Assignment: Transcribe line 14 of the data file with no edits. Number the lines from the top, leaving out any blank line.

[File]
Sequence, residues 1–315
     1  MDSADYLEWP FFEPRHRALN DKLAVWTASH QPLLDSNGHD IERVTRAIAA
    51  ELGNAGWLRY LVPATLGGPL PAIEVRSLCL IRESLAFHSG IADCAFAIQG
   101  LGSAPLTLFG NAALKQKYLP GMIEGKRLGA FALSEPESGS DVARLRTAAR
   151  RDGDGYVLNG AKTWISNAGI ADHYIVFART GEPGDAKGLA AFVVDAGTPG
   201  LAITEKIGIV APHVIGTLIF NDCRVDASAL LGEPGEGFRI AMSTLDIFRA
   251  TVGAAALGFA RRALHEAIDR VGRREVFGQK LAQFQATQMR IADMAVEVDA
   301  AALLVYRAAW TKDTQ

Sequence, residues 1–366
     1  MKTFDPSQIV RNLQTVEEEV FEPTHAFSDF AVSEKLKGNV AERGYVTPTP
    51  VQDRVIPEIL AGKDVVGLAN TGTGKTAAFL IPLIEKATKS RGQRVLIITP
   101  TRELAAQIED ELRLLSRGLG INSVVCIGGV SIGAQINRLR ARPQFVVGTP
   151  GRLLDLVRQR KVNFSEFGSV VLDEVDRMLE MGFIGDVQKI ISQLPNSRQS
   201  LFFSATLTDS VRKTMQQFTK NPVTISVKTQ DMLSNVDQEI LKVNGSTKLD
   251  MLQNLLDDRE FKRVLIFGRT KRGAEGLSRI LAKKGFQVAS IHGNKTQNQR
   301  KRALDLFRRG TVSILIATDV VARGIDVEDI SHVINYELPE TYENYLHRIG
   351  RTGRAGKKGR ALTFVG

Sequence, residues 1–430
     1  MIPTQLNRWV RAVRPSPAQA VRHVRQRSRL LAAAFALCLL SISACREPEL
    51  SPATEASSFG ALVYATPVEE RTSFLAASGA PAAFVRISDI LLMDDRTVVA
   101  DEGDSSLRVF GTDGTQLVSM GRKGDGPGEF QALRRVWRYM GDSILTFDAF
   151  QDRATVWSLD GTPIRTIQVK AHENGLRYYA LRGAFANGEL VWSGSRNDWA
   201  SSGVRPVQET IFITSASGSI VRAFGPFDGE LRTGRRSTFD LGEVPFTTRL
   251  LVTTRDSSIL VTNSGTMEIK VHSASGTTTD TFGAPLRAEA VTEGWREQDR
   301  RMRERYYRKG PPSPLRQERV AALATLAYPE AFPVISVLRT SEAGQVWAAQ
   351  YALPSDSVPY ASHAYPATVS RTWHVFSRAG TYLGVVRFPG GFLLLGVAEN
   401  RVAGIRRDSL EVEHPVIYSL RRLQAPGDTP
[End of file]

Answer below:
   201  LFFSATLTDS VRKTMQQFTK NPVTISVKTQ DMLSNVDQEI LKVNGSTKLD